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PHP: Introduction

php / introduction

Estimated reading time: 2 minutes, 15 seconds

Rasmus Lerdorf, the original developer of PHP

is a server-side processing language for web pages: that is, it processes code contained with PHP tags, displaying the result in the browser or doing something else with the information (, , etc). Developed in 1994 by Rasmus Lerdorf, the PHP acronym stood for “Personal Home Page”, later changing to “PHP: Hypertext Processor”, one of the self-referential acronyms that plague the IT industry. Personally, I prefer Pre-Hypertext Processor, to make it clear that PHP runs before anything else on the page.

PHP is a server-side language. PHP code on a web page is executed by a server and turned into results for the client (typically a web browser). PHP can generate , , even graphics. The fact that PHP runs on the server means that, so long as it is correctly written, PHP just works: it does not depend on the client’s computer to operate or run correctly, thus avoiding the disadvantages of and Flash.

PHP is one the most powerful technologies available to web developers, having six major advantages:

It is free and open source.

PHP is developed and maintained by a loose, world-wide collaborative group of software engineers and coders. Help for PHP is freely available (the best and primary resource being www.php.net). PHP isn’t proprietary to any one company: it is maintained by collective interest, not for profit. Apache and MySQL, the most popular server and database solutions, are also free and open source.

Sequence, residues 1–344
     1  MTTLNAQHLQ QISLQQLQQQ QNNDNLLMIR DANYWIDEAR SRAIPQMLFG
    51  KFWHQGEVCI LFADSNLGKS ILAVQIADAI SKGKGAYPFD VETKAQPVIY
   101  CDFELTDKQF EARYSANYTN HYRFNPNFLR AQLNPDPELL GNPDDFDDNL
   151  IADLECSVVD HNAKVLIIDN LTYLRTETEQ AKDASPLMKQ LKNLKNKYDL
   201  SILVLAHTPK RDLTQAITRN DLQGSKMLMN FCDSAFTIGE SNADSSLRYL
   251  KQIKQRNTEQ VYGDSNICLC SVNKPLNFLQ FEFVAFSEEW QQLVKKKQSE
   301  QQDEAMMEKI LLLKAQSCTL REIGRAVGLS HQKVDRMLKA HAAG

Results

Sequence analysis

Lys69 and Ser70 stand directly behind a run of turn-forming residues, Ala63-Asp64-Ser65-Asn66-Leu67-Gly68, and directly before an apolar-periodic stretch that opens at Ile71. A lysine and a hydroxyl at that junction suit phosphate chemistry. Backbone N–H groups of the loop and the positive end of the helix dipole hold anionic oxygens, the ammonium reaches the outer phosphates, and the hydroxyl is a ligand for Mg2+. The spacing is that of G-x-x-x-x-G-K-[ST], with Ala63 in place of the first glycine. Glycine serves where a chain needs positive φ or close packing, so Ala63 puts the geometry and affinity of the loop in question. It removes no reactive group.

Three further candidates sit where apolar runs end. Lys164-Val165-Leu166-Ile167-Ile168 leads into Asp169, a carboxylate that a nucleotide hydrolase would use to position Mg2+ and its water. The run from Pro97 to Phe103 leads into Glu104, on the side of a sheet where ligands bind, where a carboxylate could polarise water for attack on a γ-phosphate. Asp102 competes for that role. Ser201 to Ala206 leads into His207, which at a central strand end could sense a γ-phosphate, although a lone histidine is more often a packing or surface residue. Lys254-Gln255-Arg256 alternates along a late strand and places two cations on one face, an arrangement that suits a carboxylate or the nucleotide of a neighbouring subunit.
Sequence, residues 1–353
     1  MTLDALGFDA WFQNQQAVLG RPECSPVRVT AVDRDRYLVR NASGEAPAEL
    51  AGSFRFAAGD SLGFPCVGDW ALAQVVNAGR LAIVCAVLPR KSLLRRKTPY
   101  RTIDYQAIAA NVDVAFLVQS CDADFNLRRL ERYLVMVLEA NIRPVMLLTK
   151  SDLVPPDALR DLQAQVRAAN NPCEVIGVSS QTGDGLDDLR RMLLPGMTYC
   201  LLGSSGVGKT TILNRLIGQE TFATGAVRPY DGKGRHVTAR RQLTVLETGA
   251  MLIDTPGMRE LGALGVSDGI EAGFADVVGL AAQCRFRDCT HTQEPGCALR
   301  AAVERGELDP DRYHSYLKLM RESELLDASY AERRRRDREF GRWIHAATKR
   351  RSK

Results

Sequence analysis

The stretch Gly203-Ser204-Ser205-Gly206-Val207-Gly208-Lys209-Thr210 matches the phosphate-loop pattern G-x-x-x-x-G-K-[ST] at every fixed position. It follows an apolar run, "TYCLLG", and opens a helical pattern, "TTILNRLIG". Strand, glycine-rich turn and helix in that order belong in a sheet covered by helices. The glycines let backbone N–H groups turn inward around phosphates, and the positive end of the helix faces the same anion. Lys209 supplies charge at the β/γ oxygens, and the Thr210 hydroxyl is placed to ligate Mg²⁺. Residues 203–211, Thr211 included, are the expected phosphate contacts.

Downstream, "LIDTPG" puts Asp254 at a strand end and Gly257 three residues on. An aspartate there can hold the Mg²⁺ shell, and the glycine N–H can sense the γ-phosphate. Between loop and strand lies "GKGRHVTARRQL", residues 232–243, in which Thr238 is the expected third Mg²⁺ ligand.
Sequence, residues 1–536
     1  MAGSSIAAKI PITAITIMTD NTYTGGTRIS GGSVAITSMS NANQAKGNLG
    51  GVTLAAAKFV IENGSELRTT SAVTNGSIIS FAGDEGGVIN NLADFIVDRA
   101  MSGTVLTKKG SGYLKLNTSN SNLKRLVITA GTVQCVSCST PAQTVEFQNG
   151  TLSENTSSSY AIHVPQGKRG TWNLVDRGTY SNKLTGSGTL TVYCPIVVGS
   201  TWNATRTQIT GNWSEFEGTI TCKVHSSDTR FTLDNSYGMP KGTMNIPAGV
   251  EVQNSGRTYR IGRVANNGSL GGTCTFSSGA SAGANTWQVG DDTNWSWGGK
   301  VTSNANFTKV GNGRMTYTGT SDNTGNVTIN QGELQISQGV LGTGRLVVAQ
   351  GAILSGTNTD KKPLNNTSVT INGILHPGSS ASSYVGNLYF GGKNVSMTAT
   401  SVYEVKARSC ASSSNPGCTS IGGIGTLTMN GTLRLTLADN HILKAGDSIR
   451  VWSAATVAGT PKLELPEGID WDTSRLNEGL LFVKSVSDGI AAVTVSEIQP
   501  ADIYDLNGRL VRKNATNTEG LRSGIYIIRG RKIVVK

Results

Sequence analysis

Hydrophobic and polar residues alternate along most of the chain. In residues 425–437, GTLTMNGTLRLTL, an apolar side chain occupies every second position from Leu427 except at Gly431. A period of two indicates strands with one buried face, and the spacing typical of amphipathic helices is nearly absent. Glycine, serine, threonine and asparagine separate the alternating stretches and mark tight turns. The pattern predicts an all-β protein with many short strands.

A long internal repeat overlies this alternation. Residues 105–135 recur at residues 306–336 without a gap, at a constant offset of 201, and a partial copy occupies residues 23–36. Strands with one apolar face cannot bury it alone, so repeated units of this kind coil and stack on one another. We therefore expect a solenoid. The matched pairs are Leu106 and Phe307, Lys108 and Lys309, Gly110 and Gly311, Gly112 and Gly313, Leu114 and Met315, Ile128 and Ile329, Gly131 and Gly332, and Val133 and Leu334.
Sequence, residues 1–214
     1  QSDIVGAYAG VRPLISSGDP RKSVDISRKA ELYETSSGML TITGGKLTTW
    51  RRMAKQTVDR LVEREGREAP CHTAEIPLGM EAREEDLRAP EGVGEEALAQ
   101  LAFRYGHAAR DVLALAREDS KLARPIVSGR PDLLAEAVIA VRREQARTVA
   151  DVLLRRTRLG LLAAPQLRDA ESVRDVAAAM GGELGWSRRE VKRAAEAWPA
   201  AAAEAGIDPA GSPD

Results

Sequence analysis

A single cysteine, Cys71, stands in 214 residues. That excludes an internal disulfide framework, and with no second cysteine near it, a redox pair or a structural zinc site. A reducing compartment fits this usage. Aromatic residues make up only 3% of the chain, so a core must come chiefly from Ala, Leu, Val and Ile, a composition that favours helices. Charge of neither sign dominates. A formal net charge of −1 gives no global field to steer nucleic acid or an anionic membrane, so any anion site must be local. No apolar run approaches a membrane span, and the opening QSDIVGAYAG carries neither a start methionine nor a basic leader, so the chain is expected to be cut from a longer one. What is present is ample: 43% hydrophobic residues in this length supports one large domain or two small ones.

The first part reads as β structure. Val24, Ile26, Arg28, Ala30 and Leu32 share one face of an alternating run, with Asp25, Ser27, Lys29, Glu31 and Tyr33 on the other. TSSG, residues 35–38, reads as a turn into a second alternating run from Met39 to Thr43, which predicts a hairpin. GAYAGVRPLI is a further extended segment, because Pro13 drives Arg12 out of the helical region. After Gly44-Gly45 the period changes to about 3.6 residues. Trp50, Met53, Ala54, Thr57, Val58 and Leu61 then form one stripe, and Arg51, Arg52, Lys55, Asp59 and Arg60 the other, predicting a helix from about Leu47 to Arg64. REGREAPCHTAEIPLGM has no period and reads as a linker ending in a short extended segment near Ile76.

It can be interweaved with HTML and CSS.

Since anything outside a <?php ?> tag (the opening and closing tags of PHP, respectively) is interpreted as HTML, you can create static elements in HTML and interweave dynamic elements in PHP, all on the same page.

It is cross-platform.

Because it is interpreted by the server, not the client, PHP is not subject to the vagaries of interpretation by different browsers/platforms, etc. Once PHP runs correctly on a page, it will run the same forever, assuming that the server itself does not change.

PHP is expressly designed to create dynamic content for web pages.

Unlike Perl and other languages, PHP was designed for the web “from the ground up”.

The end user never sees PHP code.

Unlike HTML and JavaScript, PHP is interpreted into HTML “on the fly” when it is delivered from the server. No visitor can ever see your PHP code.

It is relatively easy to use and learn.

PHP’s programming syntax is fairly straightforward, similar to JavaScript and other languages you have likely encountered thus far. The major problems people have with PHP are the same ones they have with other languages.

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